Three types of academies: “Rewarded succeeders”, “Punished failures” and “Near boiled Frogs”

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“Think of yourselves as a frog in a pan of water on the stove. You can wait for the flames of Ofsted to bring the water to the boil, or jump out now while you still can. I would advise you to jump now.”

DfE broker quoted by David Wolfe QC, evidence to Education Select Committee

In other words, schools jump before they're pushed – these were the words used by a community school governor faced with academy conversion in April 2012. MPs have since debated enforced conversion: one MP describing the work of academy brokers as using methods from the “Vito Corleone textbook” – making schools an offer they can’t refuse.

As well as frogs in very hot water, Wolfe described two other “streams” whereby maintained schools become academies.

These are:

1“Rewarded succeeders”. These are (usually) successful schools given permission to become academies. The Academies Act 2010 requires governing bodies to consult with stakeholders but, as Wolfe points out, a Governing Body contemplating conversion has already made its mind up to proceed. This can lead to stakeholders viewing the process as anything but “transparent, open minded and participative”.

2“Punished failures”. These are schools identified as being “eligible for intervention” by, say, a poor Ofsted or low results. Wolfe has concerns with this – lack of transparency in choosing the sponsor, lack of “meaningful public process” which discusses alternative ways of improvement, and the imposition of an Interim Executive Board (IEB) which is supposed to “enable the restoration of a normal governing body” but in reality the IEB pushes through academy conversion.

Wolfe takes issue with the word “sponsor” – the term implies “partnership”. But this is misleading, he argues. Sponsored academies have no separate legal identity but are local branches of the sponsoring chain. One consequence, already noted by the Academies Commission and on this site, is that such academies often have fewer powers and less autonomy than when they were local authority (LA) maintained schools. Academies in chains can only act within the constraints imposed by the chain:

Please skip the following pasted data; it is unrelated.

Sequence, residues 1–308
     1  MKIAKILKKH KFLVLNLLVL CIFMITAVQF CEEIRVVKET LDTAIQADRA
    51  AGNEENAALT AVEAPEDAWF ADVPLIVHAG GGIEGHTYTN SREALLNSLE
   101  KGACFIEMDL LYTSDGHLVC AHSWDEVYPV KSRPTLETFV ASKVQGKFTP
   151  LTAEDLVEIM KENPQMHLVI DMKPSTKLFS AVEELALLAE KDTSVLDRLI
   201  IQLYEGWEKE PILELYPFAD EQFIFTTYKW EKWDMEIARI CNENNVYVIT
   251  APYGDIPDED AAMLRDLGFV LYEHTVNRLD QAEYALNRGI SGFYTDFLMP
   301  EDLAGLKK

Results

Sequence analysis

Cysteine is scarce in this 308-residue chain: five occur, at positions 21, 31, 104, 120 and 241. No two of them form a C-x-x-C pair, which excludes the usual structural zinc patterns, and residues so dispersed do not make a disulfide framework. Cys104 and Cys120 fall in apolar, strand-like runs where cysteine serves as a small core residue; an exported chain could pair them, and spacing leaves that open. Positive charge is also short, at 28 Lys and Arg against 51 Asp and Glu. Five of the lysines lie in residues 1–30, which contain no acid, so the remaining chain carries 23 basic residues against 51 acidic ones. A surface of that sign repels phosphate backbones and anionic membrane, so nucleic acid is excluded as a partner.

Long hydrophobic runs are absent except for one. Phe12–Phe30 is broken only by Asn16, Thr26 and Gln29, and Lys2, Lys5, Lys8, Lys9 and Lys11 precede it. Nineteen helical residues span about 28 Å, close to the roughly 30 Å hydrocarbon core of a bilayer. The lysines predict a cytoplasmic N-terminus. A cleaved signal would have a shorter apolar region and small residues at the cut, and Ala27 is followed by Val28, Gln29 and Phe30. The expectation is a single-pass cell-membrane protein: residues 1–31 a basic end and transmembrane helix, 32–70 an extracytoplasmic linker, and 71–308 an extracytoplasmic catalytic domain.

“Certainly, it cannot be said governing bodies [of academies in chains] now retain what was previously identified as their core roles: setting the vision, ethos and strategic direction of their school, performance management of the head teacher, and ensuring the sound, proper and effective use of the school’s finances.” (Wolfe)

Added to the issues highlighted by Wolfe, there are growing concerns about the financial arrangements of academy chains. The Guardian discovered thousands of pounds of taxpayers’ money went to companies linked to the chain’s Trustees or their relatives. The Education Funding Agency found improper use of public funds at Priory Federation and E-Act; “unusual” payments to Trustees at AET and £1m claimed for non-existent students by the Barnfield Federation whose outgoing Director received money under a Compromise Agreement which the Skills Funding Agency thought he might not have been entitled.

The Education Select Committee is currently investigating academies and free schools. It’s to be hoped that submissions by David Wolfe and others will go some way to counteract the propaganda about academies promoted by the Department for Education, academy chains and most of the media.
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